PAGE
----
When asked, “Which commandment is the first of all?” Jesus replied: “The first is, ‘Hear, O Israel: The Lord our God, the Lord is one; you shall love the Lord your God with all your heart, and with all your soul, and with all your mind, and with all your strength. The second is this,’You shall love your neighbor as yourself.’” (Mark 12: 29-31).
It was one of the scribes, marveling at how Jesus could hold his own in a discussion with intellectuals, who addressed this question to him. And Jesus, as a faithful Jew, quotes the Shema, the traditional prayer of Moses from the book of Deuteronomy, our first reading for today.
Last week we heard of the faith of the blind man, Bartimaeus, sitting by the roadside begging. He hears that Jesus is passing and he believes that Jesus can and will help him. And, because of his faith, Bartimaeus is healed. The story was so remarkable that his name is one of the few among those healed that is preserved in the gospels to remind us of the meaning of faith. But in today’s gospel Jesus teaches us that more is required. In addition to faith, we must have love. He says love God with all that you have: your heart, your soul, your mind, and your strength. But I ask myself, we can’t touch and we can’t see God, so how does one love God?
Jesus gives us a big hint: “You shall love your neighbor as yourself.”
I worked in Tanzania, East Africa for 26 years. Christianity is thriving in Africa with hundreds of thousands entering our churches each year. They are attracted to the life and teachings of Jesus. Like themselves, he was not a stranger to suffering and he was not afraid to love others. Time and again, we hear he is tired and wants to go off across the lake, or into the desert, or up a mountain to pray and re-charge his batteries. But, then he finds people along the way, the Bartimaeuses of the world, and he helps them from a simple motive of love.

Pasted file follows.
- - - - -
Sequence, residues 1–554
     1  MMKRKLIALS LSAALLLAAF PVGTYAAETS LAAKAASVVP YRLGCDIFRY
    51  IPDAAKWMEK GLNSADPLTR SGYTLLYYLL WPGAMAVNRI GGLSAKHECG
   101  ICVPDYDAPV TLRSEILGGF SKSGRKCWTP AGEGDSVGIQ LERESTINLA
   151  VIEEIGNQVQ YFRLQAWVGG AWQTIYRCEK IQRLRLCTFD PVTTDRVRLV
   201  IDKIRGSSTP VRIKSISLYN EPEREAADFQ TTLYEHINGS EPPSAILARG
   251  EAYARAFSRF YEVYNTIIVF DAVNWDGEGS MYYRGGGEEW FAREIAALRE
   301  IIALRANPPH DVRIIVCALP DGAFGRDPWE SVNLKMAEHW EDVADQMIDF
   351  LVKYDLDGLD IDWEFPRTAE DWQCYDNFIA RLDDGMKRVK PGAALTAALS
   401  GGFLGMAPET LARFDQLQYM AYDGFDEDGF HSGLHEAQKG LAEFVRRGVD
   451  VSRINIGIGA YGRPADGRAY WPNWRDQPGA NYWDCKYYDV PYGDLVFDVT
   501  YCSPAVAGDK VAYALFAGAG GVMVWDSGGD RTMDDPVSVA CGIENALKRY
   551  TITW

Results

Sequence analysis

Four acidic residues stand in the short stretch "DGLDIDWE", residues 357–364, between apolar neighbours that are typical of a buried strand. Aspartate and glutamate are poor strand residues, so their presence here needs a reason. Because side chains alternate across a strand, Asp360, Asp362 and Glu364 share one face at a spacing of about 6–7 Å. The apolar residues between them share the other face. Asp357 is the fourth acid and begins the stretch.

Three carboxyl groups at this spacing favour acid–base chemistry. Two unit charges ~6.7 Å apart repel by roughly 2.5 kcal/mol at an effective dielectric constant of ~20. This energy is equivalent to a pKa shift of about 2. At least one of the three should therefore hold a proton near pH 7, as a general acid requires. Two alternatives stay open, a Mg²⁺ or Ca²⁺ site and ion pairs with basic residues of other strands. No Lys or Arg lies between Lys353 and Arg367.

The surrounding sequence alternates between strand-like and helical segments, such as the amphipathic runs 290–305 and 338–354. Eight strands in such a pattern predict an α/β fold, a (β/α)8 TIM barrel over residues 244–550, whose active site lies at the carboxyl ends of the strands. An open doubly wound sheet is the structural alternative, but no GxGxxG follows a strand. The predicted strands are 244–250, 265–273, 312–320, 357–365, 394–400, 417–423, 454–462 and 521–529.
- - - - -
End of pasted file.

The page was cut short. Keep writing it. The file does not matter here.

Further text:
When you realize what Jesus is asking us to do, to love God by loving others with all that you have, you discover that the Christian life is not an easy one. G.K. Chesterton, a famous British author of the 20th century and a convert to Catholicism, once wrote: “Christianity has not been tried and found wanting; it has been found difficult and not tried.” The Christian life is a difficult one; to love one’s neighbor as oneself is not easy!
My most recent assignment in Africa was as chaplain at Muhimbili University, the national medical university of Tanzania. The students, the intelligentsia of the country, always fascinated me. Let me share one story with you:
After a full day at the university and hospital in Dar es Salaam, I returned home in the evening to prepare my evening meal. As it was cooking I was settling down to watch the news when I received a text message from Donald, a fifth year medical student. There was a patient in his ward who needed to speak with me. One minute later, a second message came stating she needs to see you now! This usually means that a person is in danger of death. So, I ran to get dressed, gather my missal and oils, and off I went to the hospital.